Can You Tell If Your Eyes Are Moving?

Eye movements bring new information into our visual system. The selection of each fixation is the result of a complex interplay of image features, task goals, and biases in motor control and perception. To what extent are we aware of the selection of saccades and their consequences? A new study  published in The Quarterly Journal of Experimental Psychology uses a converging methods approach to answer this question in three diverse experiments. In Experiment 1, participants were directed to find a target in a scene by a verbal description of it. Researchers then presented the path the eyes took together with those of another participant. Participants could only identify their own path when the comparison scanpath was searching for a different target. In Experiment 2, participants viewed a scene for three seconds and then named objects from the scene. When asked whether they had looked directly at a given object, participants’ responses were primarily determined by whether or not the object had been named, and not by whether it had been fixated. In Experiment 3, participants executed saccades towards single targets and then viewed a replay of either the eye movement they had just executed or that of someone else. Participants were at chance to identify their own saccade, even when it contained under- and overshoot corrections. The consistent inability to report on one’s own eye movements across experiments suggests that awareness of eye movements is extremely impoverished or altogether absent. This is surprising given that information about prior eye movements is clearly used during visual search, motor error correction, and learning. (PsycINFO Database Record (c) 2017 APA, all rights reserved)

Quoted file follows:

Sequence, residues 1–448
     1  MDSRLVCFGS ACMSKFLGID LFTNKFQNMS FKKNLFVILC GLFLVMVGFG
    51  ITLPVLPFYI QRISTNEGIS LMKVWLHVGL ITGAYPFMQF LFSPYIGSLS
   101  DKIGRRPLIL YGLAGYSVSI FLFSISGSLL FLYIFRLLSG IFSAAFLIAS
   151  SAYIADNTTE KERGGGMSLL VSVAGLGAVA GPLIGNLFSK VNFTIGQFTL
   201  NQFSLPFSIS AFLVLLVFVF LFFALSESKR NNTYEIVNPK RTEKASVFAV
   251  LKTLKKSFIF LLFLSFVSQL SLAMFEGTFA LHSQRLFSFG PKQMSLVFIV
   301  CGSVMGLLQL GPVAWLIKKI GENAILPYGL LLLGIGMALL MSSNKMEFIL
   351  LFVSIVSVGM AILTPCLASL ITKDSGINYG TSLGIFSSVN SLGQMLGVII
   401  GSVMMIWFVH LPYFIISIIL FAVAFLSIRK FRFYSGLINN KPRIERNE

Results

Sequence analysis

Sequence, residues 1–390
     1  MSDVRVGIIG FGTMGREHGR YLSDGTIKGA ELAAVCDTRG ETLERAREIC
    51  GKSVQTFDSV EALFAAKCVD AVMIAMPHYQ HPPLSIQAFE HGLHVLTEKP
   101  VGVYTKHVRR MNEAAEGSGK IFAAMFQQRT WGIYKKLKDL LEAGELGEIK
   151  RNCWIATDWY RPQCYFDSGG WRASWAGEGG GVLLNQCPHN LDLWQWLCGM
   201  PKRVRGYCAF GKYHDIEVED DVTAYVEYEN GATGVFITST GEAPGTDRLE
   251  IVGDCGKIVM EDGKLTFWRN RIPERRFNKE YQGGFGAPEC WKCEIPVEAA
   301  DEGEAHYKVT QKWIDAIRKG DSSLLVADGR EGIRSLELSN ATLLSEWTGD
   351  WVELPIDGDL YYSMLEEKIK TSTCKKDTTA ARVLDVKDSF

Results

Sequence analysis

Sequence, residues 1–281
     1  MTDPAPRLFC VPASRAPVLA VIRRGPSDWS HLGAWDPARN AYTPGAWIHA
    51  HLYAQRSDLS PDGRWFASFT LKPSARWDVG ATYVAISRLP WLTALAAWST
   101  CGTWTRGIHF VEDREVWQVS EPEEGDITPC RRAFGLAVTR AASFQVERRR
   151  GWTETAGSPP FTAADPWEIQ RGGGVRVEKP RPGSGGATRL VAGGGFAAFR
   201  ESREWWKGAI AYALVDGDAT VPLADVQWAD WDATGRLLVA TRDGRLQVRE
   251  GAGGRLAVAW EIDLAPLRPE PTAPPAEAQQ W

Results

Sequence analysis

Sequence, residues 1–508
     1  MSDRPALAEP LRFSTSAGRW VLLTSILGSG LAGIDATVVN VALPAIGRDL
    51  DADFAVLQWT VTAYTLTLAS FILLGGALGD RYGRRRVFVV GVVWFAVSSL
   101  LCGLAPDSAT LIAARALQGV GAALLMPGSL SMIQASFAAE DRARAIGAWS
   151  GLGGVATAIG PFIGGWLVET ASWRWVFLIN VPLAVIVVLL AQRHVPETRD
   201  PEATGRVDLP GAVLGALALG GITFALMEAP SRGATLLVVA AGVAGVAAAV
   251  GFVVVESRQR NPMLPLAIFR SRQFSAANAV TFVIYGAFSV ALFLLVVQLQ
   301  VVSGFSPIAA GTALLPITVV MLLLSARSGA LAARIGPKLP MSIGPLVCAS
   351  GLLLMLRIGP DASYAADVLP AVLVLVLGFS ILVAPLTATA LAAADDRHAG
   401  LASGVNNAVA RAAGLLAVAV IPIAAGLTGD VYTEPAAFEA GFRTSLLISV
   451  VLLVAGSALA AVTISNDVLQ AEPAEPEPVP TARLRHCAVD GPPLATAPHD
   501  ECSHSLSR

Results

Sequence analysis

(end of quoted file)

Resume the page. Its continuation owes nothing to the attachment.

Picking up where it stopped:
For the abstract

           

Related Stories

  • Is There a Right Age for Marriage?
  • Can Awareness Training Help with Public Speaking?
  • "Vampire Expert" Accused of Drinking Student's Blood
 

 
disclaimer

The information provided on the PsyWeb.com is designed to support, not replace, the relationship that exists between a patient/site visitor and his/her health professional. This information is solely for informational and educational purposes. The publication of this information does not constitute the practice of medicine, and this information does not replace the advice of your physician or other health care provider. Neither the owners or employees of PsyWeb.com nor the author(s) of site content take responsibility for any possible consequences from any treatment, procedure, exercise, dietary modification, action or application of medication which results from reading this site. Always speak with your primary health care provider before engaging in any form of self treatment. Please see our Legal Statement for further information.

PsyWeb Poll

Are you currently taking or have you ever been prescribed anti-depressants?
Yes
50%
No
50%
Total votes: 3979